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A project log for Arduino PLC

Some code with Web Serial to enable full (manual) control of I/O pins on an Arduino via a webpage.

DanteDante 01/26/2022 at 21:170 Comments

First, the auto-refresh is now toggleable. Previously, an unconfigurable interval was set on the webpage that would poll the Arduino for updates and update the GUI at 2hz. This is now toggleable:

One of the longer term goals of this project was to support controlling servo motors. Since this introduces a third pin mode, the earlier system of simply clicking a cell in a grid to switch between pin modes was no longer feasible. To that end, I've added a new radio button system, styled with an invisible table so that it aligns nicely:

There are some other nice features of using a table. One is that we can now include additional information about pins (in this case which are PWM and which have special meanings), and another is that the possible modes can be restricted on a per-pin basis (this is another reason why generating the UI in JavaScript, something I detailed in the previous post, is very useful). Pins 0 and 1 are used for serial communication and power the entire UI so the webpage locks these entirely. Pins that don't support PWM cannot connect to servo motors (without locking up the Arduino) so they cannot be in servo mode. Finally, the analog pins cannot be switched at all and are also completely disabled. When the webpage receives data about which pins are in which modes, it will update the UI accordingly. These radio buttons serve to both read the current pin modes and update them.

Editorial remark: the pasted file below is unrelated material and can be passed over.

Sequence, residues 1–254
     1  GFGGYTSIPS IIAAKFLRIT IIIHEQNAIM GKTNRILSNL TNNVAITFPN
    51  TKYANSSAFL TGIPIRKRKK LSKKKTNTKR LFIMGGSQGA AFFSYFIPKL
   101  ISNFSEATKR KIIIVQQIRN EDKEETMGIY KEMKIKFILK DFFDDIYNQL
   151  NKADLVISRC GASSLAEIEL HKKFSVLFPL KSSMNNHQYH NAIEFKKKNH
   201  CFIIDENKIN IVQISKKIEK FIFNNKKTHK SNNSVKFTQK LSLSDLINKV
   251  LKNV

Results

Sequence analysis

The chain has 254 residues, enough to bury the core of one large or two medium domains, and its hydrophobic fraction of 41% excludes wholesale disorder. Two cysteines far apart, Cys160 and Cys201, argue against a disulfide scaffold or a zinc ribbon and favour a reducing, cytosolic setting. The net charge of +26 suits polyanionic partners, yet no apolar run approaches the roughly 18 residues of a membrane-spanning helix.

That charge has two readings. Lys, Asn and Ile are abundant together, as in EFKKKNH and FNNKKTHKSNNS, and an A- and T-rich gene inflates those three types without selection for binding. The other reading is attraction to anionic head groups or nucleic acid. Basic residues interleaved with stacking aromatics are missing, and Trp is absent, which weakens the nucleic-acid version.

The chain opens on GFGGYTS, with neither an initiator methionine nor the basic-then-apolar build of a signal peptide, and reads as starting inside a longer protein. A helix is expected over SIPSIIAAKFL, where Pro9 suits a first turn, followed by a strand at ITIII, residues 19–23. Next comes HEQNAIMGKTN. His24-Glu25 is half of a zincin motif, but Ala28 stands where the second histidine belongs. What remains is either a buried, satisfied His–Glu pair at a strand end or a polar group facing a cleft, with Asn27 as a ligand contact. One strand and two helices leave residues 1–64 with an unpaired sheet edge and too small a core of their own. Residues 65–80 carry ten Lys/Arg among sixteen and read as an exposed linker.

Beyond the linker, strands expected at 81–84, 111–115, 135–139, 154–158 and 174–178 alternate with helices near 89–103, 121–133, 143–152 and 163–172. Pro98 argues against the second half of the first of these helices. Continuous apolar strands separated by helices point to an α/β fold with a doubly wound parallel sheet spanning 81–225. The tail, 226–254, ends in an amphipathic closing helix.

The pin labels here which add more information than a simple number 0-19 have also been added as tooltips to the previously created grids:

Finally, support for servo motors is functional. At the bottom of the page is a series of sliders which function similarly to the radio buttons for pin modes; they both update to reflect changes in the angles and update the angles when the sliders are changed. Additionally, sliders are only changeable when the webpage knows that the corresponding pin is in servo mode. For this demonstration I've set only pin 3 into servo mode:

Not pictured is the physical servo I connected on pin 3 moving next to me, in perfect step with what the UI shows.

I also made many backend changes ranging from simple renames to redoing entire parts of the protocol between the webpage and the Arduino. Some were very small webpage improvements and others were aimed at making the underlying console-like API easier to use manually.

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